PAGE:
How to Create an Invoice: Complete Beginners Guide

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 How to Create an Invoice

If you’re like most eCommerce business owners, you love getting paid, but you hate creating invoices. It can be a tedious, manual, and error-prone process that can directly impact your bottom line if not done correctly.

But thankfully, with the right tools and tips, it can be a breeze and keep your cash flow working in your favor.

In this blog post, we’ll show you how to create invoices for your eCommerce business and provide some helpful tips on making the process easier. So whether you’re just starting out or you’ve been in business for a while, read on to learn more!

What is an Invoice?

An invoice is a document that businesses send to their customers to request payment for goods or services.

It typically includes:

  •  the date of purchase
  • the customer’s contact information
  • a description of the goods or services provided
  • the unit price
  • the total amount due

Businesses usually send invoices after they have provided their products or services to their customers. This is especially true for eCommerce businesses.

In some businesses, such as coaching or public relations, the business may invoice their customers prior to the delivery of the service.

Customers then have a set period of time to pay the invoice, which is typically 30 days. If they do not pay within that timeframe, they may be charged interest or late fees. It’s also a good general room of thumb to pay invoices on time to keep positive relationships with your vendors.

Businesses use invoices to track what they are owed and follow up with customers who still need to pay. Customers use invoices to keep track of their expenses and ensure they are being charged the correct amount for the goods they receive.

When do you need to send an invoice?

When do you need to send an invoice? That’s a great question and one that eCommerce businesses should be asking themselves on a regular basis.

The answer depends on the situation as there is not one size fits all answer for every business.

If you’re selling physical goods online, like t-shirts or meditation crystals, you’ll need to send an invoice either as soon as your customer places the order or as soon as the goods have been shipped, depending on your business model.

For digital products, such as an online course to teach customers to buy commercial real estate or how to grow a dog grooming business, you can send the invoice immediately after the sale is made.

For services, such as business coaching, you should either send an invoice prior to starting work or as soon as the job is completed, depending on your preference.

Of course, there are always exceptions to the rule, so it’s important to use your best judgment in each individual case. But in general, these are the times when you’ll need to send an invoice.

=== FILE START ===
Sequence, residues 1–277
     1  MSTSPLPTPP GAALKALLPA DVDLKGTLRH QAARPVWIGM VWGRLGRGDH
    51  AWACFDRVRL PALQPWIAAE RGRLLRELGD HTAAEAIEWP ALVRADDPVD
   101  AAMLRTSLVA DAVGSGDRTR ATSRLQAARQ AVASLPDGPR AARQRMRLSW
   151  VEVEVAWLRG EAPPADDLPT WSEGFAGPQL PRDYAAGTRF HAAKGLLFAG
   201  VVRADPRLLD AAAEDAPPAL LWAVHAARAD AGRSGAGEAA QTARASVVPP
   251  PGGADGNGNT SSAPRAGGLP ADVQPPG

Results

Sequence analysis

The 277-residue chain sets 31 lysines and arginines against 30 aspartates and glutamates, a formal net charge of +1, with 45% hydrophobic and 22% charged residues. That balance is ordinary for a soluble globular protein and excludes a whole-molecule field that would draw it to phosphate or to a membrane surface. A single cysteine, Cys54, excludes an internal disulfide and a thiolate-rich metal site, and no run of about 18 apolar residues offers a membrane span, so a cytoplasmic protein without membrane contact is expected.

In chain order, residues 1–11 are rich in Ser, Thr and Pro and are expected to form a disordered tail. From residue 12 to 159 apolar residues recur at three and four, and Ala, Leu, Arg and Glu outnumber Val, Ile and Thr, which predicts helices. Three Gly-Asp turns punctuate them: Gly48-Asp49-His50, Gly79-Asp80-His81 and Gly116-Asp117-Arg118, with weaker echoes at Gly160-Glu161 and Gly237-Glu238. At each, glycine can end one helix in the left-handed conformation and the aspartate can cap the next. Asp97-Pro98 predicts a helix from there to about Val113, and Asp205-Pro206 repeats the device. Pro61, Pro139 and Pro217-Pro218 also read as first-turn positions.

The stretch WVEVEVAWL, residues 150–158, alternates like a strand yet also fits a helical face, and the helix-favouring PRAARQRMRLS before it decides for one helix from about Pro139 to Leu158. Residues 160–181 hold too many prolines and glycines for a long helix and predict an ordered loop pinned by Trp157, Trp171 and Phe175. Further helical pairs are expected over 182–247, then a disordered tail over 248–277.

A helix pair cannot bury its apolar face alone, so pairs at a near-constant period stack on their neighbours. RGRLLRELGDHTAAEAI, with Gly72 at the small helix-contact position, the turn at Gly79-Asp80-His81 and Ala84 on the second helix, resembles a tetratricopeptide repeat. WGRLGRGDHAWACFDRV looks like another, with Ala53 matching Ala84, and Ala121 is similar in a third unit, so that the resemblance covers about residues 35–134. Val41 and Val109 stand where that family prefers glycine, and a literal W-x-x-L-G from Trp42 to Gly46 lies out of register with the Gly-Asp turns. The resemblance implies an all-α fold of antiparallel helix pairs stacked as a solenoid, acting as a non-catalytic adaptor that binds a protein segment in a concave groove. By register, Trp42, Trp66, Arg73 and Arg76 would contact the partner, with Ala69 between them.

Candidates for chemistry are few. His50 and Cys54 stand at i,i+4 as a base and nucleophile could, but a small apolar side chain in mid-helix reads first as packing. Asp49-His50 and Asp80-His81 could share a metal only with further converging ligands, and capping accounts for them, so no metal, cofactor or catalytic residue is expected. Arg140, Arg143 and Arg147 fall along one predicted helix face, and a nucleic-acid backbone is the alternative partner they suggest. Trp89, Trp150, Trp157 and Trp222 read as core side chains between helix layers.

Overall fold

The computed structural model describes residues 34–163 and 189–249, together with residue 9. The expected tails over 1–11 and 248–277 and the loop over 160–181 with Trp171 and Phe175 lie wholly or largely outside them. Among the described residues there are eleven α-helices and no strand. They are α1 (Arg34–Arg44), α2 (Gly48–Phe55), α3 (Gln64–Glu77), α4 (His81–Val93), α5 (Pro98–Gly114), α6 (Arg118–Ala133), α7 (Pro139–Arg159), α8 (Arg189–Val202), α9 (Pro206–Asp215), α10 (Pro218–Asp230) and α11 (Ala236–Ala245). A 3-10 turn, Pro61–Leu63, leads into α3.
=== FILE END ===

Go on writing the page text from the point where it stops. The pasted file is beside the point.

How do you send an invoice?

Many business owners make the mistake of thinking that all invoices are created equal. In reality, there are a few key things that you should keep in mind when sending an invoice in order to maximize your chances of getting paid.

Be sure to send the invoice in a timely manner. If possible, aim to send it within 24 hours of providing the product or service. (Or making the deal if you invoice in advance.) The sooner you can get it into your customer’s hands, the better.

It is appropriate to send your invoices by snail mail or email; both have advantages and disadvantages.

Snail mail is obviously a lot slower, so you might get paid less quickly. On the other hand, while email is a lot faster, it can be easy for both you and your customer to delete or lose an email invoice. Another advantage of emailing invoices is that you can include a clickable payment link right in your invoice, which makes it easier for customers to pay you within minutes of receiving your invoice.

So which is the best option? It really depends on your business and your customers. If you need to get paid quickly, then email is the way to go. But if your customers are more old-school, then snail mail might be the way to go. Ultimately, it’s up to you to decide which option is best for your eCommerce business.

Finally, don’t be afraid to follow up. If you haven’t received a payment within a reasonable period of time, reach out to your customer and remind them that the bill is due. Some accounting software, such as Freshbooks, will actually take care of this step for you automatically if you choose – sending reminders at pre-specified intervals.

A gentle reminder can go a long way toward ensuring that you get paid in a timely manner. By following these simple tips, you can streamline the invoicing process and ensure that your eCommerce business stays afloat.

Essential Elements of an Invoice

Below, you’ll find the primary elements of every invoice.


This might include some graphic detail or your logo for a professional look.

Conditions and payment instructions

This information tells the conditions under which payment must be made (on receipt, ten days, 30 days, etc.) as well as how to pay – such as clicking a payment link to pay by credit card or an address to mail payments to.